First there is this hand-wringing blog post at npr in which the author trots out the standard worries that photos of the disaster are somehow exploitative. There is not much new in the argument, but the comment thread indicates that many people find the worries more or less wholly misplaced. I agree. Do you have any idea what it is like to make your way through streets littered with corpses or pancaked buildings? I don't. The images give us some sense. They help us imagine how horrible conditions really can become.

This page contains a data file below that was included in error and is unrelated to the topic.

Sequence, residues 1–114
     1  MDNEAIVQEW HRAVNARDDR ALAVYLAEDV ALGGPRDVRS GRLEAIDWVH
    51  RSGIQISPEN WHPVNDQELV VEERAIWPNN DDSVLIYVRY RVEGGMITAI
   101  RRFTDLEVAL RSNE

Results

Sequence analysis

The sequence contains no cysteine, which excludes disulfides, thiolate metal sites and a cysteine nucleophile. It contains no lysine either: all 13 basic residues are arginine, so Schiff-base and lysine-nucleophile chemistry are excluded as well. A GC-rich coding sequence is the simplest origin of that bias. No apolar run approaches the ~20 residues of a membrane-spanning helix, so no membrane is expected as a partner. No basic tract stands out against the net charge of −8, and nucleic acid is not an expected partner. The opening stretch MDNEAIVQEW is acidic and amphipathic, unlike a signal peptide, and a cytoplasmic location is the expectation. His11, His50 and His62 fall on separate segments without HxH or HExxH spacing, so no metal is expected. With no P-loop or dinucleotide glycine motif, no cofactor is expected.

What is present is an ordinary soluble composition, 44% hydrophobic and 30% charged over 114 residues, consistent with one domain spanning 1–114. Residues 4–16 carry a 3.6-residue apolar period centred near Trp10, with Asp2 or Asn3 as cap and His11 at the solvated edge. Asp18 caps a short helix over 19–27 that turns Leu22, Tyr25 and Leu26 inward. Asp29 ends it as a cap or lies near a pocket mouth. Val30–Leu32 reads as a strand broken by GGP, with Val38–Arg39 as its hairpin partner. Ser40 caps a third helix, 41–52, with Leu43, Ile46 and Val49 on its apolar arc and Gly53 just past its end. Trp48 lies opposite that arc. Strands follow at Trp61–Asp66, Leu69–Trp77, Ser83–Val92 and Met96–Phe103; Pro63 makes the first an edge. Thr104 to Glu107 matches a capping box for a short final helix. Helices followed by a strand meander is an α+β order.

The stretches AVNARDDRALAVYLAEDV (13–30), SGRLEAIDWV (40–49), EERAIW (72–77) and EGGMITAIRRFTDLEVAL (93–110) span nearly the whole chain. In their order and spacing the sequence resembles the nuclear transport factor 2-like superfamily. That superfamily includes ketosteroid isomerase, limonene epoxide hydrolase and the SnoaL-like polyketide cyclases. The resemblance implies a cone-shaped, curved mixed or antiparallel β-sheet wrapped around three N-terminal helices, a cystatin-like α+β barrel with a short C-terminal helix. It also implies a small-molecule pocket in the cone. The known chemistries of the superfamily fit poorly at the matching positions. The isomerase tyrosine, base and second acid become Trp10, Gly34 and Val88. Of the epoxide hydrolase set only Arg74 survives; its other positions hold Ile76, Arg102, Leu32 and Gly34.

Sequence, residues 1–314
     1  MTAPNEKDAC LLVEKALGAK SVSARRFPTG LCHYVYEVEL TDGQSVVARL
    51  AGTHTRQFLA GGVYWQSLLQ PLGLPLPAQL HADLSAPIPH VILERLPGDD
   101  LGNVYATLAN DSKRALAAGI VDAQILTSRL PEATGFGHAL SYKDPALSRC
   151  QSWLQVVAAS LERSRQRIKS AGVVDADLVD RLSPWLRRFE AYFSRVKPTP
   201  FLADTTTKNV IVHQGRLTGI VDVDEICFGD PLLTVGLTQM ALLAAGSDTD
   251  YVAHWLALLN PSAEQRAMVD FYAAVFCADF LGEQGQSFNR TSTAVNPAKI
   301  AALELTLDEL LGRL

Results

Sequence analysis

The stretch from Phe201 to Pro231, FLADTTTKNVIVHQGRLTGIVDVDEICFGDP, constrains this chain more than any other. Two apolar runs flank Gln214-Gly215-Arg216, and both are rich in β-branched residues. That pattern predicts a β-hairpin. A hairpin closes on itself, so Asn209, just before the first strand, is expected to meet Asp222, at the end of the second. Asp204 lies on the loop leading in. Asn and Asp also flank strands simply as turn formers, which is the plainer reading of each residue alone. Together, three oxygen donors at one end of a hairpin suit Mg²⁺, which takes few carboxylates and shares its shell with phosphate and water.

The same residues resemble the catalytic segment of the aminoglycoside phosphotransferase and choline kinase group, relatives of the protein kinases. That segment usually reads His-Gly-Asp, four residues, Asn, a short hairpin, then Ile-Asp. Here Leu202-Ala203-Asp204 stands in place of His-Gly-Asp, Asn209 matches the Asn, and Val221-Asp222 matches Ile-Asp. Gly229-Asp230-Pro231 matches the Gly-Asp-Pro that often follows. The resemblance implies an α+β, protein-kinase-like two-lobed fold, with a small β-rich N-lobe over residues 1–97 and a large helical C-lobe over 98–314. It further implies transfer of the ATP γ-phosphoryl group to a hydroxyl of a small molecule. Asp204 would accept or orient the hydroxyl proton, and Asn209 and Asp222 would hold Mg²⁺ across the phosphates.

The second piece is a this blog post by economist Ed Glaeser in which he calls attention to research that identifies a strong relationship between the impact of 'natural' disasters (in terms of mortality) and the prior political-economic circumstances of the relevant countries. He rightly suggests that, in addition to supporting immediate humanitarian intervention, we consider as well how to mitigate the conditions that render 'natural' disasters especially deadly.
Finally, there is this audio interview from the CBC with Rebecca Solnit on panicky elites (including many members of the press) and the assumption that if they are not in control everything must be out of control.
P.S. (added 1/21/2010): You can find a short essay in which Solnoit covers much the same ground here at Tomdispatch.